Making its comeback appearance after a week off, I present, especially for you the reader, the very best of the internet to have crossed my path in the last week.
Regarding the mind-
Psy-Blog has a nice piece that gets at some annoying pet peeves of mine that come with knowing too much about the mind, as they debunk the Top Ten myths about the mind.
The New York Times examines new data supporting the hypothesis that Language is central to learning, detailing an experiment in the power of simply giving a name.
At Mind Hacks, Vaughan reports on an article in the British Journal of Psychiatry, describing in 100 words the perplexing issue of what war can do to the mind.
Regarding the soul-
Adam Greenwood, at Times & Seasons has a profound post on Evolution, Mormonism and Christianity followed by a very thought provoking conversation. As one who lives in both the world of Science and the World of Spirituality, this is food for my soul. Thanks.
Steve at Mormon Organon, has a excellent post that also falls in the category of science for the soul all about a jar of bees and the launching of a scientific career.
At Mormon Folklore, in an actual serious reflection, something likely never to be seen here again, Stephen Erastus Knudsen gives a very thoughtful look at the spiritual value of his satire.
Regarding the body-
At Brain Stimulant, a report about a very exciting emerging technology that allows us to stimulate areas of the brain selectively without medicines or opening the head, Deep Transcranial Magnetic Stimulation. This will be a powerful research tool for unlocking the secrets of the brain, and likely a great treatment tool as well.
At Sharp Brains, a piece by Dr. Bill Klemm describes concisely and understandably the science behind how we generate new neurons and what we can do to keep them working, or how to keep your brain healthy.
For anyone who ever took pleasure in an episode of Quincy or Crossing Jordan, Mind Hacks has a Forensic Pathology report trying to explain how a coin got into a patients head, full of delicious “morbid, deadpan geekiness”
Or All the Above-
Laurie Edwards, at a chronic dose shares the incredible therapeutic experience that summer camp can be to those with chronic conditions and disabilities.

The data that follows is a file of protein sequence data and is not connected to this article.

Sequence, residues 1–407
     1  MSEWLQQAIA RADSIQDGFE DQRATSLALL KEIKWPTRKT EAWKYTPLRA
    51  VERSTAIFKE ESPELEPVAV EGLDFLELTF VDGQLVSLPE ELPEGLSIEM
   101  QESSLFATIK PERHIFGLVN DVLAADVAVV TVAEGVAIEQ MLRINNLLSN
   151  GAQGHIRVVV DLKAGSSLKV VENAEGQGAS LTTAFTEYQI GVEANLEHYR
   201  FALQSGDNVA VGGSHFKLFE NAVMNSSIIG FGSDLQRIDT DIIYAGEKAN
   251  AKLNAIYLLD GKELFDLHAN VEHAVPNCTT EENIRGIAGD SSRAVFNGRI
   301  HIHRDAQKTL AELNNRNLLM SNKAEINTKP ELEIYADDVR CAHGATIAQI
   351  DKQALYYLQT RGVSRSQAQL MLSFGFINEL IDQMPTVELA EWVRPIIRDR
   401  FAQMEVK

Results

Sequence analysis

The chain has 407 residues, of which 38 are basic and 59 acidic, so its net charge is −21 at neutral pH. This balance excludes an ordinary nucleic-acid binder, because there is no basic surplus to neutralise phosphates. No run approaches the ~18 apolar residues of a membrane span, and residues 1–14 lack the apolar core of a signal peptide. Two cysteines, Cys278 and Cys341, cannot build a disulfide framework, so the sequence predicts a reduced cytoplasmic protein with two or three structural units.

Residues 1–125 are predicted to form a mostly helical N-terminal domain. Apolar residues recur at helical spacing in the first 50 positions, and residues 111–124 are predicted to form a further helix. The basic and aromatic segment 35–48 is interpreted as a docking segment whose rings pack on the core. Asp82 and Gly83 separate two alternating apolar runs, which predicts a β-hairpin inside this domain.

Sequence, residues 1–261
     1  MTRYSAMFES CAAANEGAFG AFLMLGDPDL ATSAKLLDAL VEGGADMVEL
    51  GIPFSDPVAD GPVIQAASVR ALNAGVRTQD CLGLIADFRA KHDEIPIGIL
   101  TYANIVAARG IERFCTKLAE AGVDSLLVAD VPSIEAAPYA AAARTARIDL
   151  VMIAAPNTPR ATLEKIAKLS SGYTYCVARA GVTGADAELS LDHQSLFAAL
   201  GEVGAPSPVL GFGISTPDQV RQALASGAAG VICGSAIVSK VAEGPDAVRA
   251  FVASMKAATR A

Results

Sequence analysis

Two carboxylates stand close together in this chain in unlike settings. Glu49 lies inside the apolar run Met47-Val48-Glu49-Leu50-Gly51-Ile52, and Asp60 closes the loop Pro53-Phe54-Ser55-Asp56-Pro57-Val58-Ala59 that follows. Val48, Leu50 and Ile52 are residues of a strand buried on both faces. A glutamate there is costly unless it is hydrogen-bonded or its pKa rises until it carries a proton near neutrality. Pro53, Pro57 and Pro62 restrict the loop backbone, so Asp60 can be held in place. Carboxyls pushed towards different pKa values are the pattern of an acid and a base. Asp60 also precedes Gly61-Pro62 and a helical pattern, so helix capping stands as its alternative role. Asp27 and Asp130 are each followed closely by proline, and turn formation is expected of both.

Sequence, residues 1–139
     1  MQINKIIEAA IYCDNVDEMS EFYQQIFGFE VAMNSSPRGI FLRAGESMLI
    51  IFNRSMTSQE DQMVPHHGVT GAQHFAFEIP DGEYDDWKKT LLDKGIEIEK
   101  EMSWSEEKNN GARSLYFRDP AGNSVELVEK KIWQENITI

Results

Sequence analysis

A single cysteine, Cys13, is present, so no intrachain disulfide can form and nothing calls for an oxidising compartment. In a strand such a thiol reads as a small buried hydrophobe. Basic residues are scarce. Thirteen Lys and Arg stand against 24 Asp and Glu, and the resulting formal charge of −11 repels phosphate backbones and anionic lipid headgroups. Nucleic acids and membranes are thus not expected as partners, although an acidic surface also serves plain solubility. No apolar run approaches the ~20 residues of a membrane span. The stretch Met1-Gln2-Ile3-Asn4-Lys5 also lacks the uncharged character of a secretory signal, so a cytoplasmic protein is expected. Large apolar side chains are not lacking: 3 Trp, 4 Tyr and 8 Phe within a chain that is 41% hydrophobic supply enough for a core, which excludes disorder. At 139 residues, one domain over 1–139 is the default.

At Cognitive Daily, a fascinating, if worrisome report on how belief in free will is actually critical to our morality, with direct evidence that belief in determinism increases cheating. This leads to all kinds of questions for me about the mind, the soul, biology, and of course bolsters my argument about man as machine with real data.
At Change Therapy, Isabella Mori has collected some profoundly moving poetry on the subject of Cancer. Words fail me, Poetry is healing stuff.
Many thanks to John Dehlin, at Mormon Matters for making available this video, The Prayer of the Children, containing a song written by a coreligionist of mine, Kurt Bestor, with an especially timely message in light of the current world food crisis. Warning- This will likely warm and touch your heart, but be prepared for it to bleed, which I am told is a bad thing only liberals do.
and Just because I Liked it-
On a much lighter note, my favorite new Blog of the week is What Mormons Like, a dry, witty look at the oddities of the Napolean Dynamite type of Mormon culture I grew up in. This is largely insider humor, but I LIked it, dangit.
At Musings of a Distractable mind, Dr. Rob has been awarded a guest post at Kevin, MD the 800 pound gorilla of internet doctor blogs. He talks about the importance of humor in doctoring. What I thought far more entertaining however, was his response on his own blog. He has a short, hysterical post on what it means to be famous. Loved the pics.
That is it for this week. I am thinking I will thin out these surfing posts. As much good stuff as there is on the internet, I need to enjoy the good stuff in my own home. Never fear, I will not totally abandon you, the reader. After all, that is what this is all about. Enjoy the surf, and come back next week, or the week after, or, well I’m sure I’ll get to it at some point. Have I ever let you down?